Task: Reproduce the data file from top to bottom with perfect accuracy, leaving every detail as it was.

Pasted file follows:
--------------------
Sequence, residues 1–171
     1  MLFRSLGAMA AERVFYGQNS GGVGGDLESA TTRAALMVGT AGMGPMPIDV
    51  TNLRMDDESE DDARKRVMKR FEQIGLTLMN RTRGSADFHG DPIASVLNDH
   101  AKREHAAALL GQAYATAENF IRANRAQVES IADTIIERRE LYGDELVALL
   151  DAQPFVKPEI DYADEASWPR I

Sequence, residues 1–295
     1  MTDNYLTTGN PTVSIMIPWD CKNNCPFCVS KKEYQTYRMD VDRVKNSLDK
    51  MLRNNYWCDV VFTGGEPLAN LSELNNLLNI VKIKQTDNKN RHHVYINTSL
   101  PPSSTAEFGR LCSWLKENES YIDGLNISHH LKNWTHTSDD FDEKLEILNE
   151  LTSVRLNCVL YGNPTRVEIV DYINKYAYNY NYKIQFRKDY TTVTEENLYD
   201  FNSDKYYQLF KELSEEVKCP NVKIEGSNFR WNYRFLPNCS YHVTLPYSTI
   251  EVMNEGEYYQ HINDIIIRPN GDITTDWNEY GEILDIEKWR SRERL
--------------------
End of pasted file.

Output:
Sequence, residues 1–171
     1  MLFRSLGAMA AERVFYGQNS GGVGGDLESA TTRAALMVGT AGMGPMPIDV
    51  TNLRMDDESE DDARKRVMKR FEQIGLTLMN RTRGSADFHG DPIASVLNDH
   101  AKREHAAALL GQAYATAENF IRANRAQVES IADTIIERRE LYGDELVALL
   151  DAQPFVKPEI DYADEASWPR I

Sequence, residues 1–295
     1  MTDNYLTTGN PTVSIMIPWD CKNNCPFCVS KKEYQTYRMD VDRVKNSLDK
    51  MLRNNYWCDV VFTGGEPLAN LSELNNLLNI VKIKQTDNKN RHHVYINTSL
   101  PPSSTAEFGR LCSWLKENES YIDGLNISHH LKNWTHTSDD FDEKLEILNE
   151  LTSVRLNCVL YGNPTRVEIV DYINKYAYNY NYKIQFRKDY TTVTEENLYD
   201  FNSDKYYQLF KELSEEVKCP NVKIEGSNFR WNYRFLPNCS YHVTLPYSTI
   251  EVMNEGEYYQ HINDIIIRPN GDITTDWNEY GEILDIEKWR SRERL